Declining coastal bird populations in Great Britain: victims of climate change and sea-level rise?
Author(s): Norris, K & Atkinson, P.W.
Published: January 2000 Pages: 21pp
Journal: Environmental Reviews Volume: 8 ( part 4 )
Digital Identifier No. (DOI): 10.1139/a00-011
Is sea-level rise and (or) climate change responsible for current declines in important coastal bird populations in Great Britain, and how might these processes affect bird populations in future? We review the current status of coastal bird populations in Britain and identify two important species, Common Redshank (Tringa totanus) and Twite (Carduelis flavirostris), whose populations are currently declining. We then review the evidence relating to the causes of these declines. There is evidence that habitat loss, driven by sea-level rise and climate change (e.g., an increase in wind and wave energy reaching the coast due to an increase in the frequency of storms), could have contributed to the decline in Twite. Common Redshank numbers are declining because of changes in grazing management, not sea-level rise. Populations that are currently stable or increasing, such as wintering waders and wildfowl, might in future experience declines in abundance because there is a link between climate, food supply, and bird abundance. There are insufficient reliable data at present to allow us to predict future changes with any confidence. Sea-level rise and climate change are currently important issues facing coastal zone management in Great Britain, and these issues may become even more pressing in future. But, in addition to these environmental processes, coastal bird populations are affected by a range of other anthropogenic factors. Conservationists, therefore, need to identify important bird populations that are (or could be in future) detrimentally affected by any of these activities rather than focusing exclusively on single issues such as sea-level rise. Allowing the sea to breach existing sea defences, thereby creating new saltmarsh, provides a way forward but is not without its practical and political difficulties.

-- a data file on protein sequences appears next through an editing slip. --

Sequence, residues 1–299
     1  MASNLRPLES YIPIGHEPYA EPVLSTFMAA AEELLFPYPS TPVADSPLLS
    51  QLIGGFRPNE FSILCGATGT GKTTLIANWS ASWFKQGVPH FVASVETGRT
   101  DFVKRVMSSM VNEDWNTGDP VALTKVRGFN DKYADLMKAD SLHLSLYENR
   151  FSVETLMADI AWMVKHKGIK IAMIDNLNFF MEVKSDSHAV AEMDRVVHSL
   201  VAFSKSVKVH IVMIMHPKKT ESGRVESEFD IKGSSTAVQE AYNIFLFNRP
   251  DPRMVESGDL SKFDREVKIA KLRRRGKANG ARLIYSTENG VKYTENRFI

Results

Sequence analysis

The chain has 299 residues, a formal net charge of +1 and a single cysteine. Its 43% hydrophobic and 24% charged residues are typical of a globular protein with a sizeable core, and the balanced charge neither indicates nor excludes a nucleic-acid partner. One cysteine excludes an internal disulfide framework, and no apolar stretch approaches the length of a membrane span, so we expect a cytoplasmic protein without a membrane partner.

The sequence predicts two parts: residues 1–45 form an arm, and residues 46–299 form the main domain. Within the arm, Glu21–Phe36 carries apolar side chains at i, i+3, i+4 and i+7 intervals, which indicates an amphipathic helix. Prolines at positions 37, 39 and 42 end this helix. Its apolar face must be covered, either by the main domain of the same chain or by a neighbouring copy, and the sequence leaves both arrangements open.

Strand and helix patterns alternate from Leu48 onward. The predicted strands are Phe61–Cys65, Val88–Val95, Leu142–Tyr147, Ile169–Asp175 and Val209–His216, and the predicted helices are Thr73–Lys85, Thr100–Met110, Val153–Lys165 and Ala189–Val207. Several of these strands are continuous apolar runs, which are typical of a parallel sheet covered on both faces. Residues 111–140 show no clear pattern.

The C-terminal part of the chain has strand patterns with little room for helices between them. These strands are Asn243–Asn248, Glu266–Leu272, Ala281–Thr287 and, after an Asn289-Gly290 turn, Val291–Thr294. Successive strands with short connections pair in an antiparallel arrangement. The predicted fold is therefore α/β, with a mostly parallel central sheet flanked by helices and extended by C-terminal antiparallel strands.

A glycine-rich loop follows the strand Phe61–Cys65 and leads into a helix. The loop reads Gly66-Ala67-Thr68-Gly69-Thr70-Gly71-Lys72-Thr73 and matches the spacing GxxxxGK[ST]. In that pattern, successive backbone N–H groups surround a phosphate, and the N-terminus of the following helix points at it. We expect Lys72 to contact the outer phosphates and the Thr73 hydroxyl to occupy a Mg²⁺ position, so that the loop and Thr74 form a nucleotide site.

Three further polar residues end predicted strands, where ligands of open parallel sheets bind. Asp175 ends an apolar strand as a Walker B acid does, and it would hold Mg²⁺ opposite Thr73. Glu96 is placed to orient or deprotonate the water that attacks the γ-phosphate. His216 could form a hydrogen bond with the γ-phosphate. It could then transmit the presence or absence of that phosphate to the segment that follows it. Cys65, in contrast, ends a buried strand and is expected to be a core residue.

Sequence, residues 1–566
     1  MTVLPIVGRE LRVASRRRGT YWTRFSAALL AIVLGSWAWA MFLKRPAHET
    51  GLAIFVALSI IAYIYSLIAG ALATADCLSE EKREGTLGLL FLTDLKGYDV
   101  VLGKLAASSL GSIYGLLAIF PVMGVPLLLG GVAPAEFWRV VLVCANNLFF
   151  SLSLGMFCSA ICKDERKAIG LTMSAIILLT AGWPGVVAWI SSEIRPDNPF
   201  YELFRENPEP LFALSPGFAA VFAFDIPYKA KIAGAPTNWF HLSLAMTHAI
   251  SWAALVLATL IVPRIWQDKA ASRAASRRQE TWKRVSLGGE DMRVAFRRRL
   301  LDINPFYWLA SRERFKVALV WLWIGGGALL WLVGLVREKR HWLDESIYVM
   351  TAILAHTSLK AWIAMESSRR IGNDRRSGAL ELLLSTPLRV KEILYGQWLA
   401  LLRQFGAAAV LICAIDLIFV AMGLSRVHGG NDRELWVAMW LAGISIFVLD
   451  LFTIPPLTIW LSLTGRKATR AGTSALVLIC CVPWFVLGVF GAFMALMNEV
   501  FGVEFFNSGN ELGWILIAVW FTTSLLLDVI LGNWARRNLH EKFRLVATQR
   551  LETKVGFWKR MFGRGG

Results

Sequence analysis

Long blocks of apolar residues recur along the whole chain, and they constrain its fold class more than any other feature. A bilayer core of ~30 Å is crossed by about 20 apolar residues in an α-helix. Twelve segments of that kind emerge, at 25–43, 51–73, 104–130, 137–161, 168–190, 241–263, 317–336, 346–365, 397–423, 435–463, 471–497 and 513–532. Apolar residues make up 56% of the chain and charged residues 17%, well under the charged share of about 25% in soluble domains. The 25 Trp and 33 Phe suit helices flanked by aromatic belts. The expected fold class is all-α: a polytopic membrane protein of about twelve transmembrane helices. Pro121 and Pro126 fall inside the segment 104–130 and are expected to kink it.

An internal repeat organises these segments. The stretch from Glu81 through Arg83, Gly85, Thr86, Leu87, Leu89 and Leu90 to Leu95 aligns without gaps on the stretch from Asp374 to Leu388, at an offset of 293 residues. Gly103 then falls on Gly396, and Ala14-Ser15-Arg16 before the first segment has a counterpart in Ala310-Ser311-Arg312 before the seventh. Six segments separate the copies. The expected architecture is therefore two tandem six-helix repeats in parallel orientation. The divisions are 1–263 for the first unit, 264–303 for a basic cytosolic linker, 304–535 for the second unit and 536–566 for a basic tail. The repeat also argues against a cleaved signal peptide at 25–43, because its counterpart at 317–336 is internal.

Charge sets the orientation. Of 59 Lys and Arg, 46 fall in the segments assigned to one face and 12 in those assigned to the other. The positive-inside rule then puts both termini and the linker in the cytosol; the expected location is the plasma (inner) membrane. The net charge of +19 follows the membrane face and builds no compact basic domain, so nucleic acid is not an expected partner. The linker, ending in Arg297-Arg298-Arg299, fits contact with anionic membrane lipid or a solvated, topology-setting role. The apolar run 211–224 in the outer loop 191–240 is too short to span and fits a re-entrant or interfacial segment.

Climate change in a warming world
BTO science contributes to our understanding of future scenarios, and informing policies and conservation management strategies to help species adapt.